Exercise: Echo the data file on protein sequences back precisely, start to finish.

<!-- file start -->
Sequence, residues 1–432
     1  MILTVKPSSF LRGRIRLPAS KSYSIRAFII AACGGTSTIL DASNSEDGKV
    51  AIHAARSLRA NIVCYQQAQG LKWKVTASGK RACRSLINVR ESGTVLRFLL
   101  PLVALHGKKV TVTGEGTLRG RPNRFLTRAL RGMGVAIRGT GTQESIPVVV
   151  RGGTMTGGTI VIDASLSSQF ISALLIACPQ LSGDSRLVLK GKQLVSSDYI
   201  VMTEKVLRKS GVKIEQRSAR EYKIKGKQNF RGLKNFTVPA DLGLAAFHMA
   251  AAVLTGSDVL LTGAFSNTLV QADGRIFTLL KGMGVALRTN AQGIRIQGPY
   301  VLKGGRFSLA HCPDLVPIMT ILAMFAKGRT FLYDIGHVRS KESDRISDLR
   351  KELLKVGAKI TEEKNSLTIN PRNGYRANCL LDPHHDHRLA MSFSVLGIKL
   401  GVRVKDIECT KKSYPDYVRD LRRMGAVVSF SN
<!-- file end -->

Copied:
Sequence, residues 1–432
     1  MILTVKPSSF LRGRIRLPAS KSYSIRAFII AACGGTSTIL DASNSEDGKV
    51  AIHAARSLRA NIVCYQQAQG LKWKVTASGK RACRSLINVR ESGTVLRFLL
   101  PLVALHGKKV TVTGEGTLRG RPNRFLTRAL RGMGVAIRGT GTQESIPVVV
   151  RGGTMTGGTI VIDASLSSQF ISALLIACPQ LSGDSRLVLK GKQLVSSDYI
   201  VMTEKVLRKS GVKIEQRSAR EYKIKGKQNF RGLKNFTVPA DLGLAAFHMA
   251  AAVLTGSDVL LTGAFSNTLV QADGRIFTLL KGMGVALRTN AQGIRIQGPY
   301  VLKGGRFSLA HCPDLVPIMT ILAMFAKGRT FLYDIGHVRS KESDRISDLR
   351  KELLKVGAKI TEEKNSLTIN PRNGYRANCL LDPHHDHRLA MSFSVLGIKL
   401  GVRVKDIECT KKSYPDYVRD LRRMGAVVSF SN